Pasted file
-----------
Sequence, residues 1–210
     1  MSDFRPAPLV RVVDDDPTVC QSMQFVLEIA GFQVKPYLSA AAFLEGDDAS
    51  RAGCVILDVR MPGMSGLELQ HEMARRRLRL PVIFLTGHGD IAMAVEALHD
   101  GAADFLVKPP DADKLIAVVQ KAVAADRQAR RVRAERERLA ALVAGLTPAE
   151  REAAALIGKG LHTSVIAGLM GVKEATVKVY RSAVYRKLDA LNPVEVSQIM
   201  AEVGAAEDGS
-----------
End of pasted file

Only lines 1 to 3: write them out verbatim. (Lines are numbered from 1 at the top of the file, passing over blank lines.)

Sequence, residues 1–210
     1  MSDFRPAPLV RVVDDDPTVC QSMQFVLEIA GFQVKPYLSA AAFLEGDDAS
    51  RAGCVILDVR MPGMSGLELQ HEMARRRLRL PVIFLTGHGD IAMAVEALHD